KeyOp keeps an extremely low profile when running on your system. It doesn’t take up valuable space in either your task bar or system tray, and there are no pop-up dialogs, ads, or toast notifications that get in your way. The only indication you’ll get is a couple of short sounds that play when you activate categories and triggers.
The ultimate in customizability and easy of use
The sheer power of this program lies in its keymap.ini file. You can define both categories and triggers for pretty much any program or website you want, and assign virtually any key(s) on your keyboard to these categories and triggers, with a well-written, simple-to-understand manual guiding you every step of the way. What’s more, as of V 1.2, each category or trigger can have a custom UI sound assigned to it. Just be careful you don’t assign a category to a key combination that is already in use by either Windows itself, or another running program, otherwise there’s a high chance that KeyOp will refuse to run. Key conflicts are pretty much unavoidable, and are a problem with any program that deals with keyboard shortcuts, not just KeyOp. What’s also cool is that when defining a trigger for an installed program, you don’t even need to enter the full path to the program’s main executable file. If the program has an execution alias, Firefox is an example of this, or the executable file is in your path variable, you need only enter the name of the file, and you don’t even need the file extension! Speaking of variables, KeyOp is also built to handle Windows environment variables, such as %appdata%, when entering program file paths. This means that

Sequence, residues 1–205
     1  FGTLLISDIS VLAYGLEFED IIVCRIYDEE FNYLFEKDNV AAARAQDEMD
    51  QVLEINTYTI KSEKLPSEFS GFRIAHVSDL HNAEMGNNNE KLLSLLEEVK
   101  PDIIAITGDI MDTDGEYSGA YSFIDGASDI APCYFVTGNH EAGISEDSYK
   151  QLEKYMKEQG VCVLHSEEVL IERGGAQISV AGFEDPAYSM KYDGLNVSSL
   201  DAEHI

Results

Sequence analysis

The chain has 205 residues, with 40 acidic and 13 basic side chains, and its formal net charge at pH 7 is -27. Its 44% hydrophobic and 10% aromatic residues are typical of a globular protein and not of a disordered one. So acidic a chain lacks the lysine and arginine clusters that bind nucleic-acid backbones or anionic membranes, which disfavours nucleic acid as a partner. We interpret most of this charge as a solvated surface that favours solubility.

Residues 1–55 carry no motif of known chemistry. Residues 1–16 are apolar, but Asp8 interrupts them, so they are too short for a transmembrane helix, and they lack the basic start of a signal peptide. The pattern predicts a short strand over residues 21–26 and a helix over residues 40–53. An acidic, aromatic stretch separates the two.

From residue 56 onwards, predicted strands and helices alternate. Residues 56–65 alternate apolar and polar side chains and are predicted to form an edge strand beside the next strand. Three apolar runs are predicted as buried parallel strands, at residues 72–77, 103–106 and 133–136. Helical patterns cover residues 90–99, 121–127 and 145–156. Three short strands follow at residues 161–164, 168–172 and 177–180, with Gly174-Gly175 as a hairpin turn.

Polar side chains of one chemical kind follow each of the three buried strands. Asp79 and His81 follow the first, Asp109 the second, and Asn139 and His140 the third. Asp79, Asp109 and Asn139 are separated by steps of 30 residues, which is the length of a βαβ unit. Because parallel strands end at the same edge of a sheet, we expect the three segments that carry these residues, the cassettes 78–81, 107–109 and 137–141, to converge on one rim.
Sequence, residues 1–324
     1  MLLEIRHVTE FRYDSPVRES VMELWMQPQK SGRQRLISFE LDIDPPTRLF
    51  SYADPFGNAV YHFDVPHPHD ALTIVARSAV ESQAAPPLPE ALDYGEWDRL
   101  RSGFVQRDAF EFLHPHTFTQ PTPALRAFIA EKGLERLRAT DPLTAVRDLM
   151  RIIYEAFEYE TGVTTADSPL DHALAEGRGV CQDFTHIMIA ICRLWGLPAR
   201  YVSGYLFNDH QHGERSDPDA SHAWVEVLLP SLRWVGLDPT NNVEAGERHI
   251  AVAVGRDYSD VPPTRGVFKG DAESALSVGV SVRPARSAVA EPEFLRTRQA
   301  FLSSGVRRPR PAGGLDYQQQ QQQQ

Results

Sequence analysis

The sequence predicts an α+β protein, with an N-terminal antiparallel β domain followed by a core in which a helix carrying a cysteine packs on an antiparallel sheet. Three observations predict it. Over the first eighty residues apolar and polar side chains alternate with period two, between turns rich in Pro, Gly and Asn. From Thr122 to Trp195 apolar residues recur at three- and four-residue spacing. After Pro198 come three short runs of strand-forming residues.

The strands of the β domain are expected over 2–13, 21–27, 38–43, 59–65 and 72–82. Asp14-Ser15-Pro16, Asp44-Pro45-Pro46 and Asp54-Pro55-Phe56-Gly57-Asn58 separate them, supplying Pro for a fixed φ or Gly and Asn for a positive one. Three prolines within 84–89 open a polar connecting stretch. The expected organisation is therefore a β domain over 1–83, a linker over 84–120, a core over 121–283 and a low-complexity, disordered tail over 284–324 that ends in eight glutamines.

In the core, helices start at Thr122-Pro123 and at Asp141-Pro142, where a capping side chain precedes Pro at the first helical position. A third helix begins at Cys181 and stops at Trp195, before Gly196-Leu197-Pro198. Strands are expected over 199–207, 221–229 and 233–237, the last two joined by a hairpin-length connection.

will work just as well as
You can also refresh the configuration if you decide to add a new category or trigger to the file later on while KeyOp is running. This allows KeyOp to reload your keymap.ini file with the new changes without you having to shut down the program and launch it again.
Awesome UI sounds
Those who know me well will know that I love my UI sounds. KeyOp does not disappoint in this department! There’s a UI sound for just about any occasion, from starting KeyOp, to activating a category or trigger, to trying to activate a trigger that doesn’t exist in any categories, to shutting down the program. Each UI sound has a retro vibe to it, especially the startup and shutdown sounds, which personally remind me of the Windows NT 4.0 startup and shutdown sounds with their electronic synth type elements.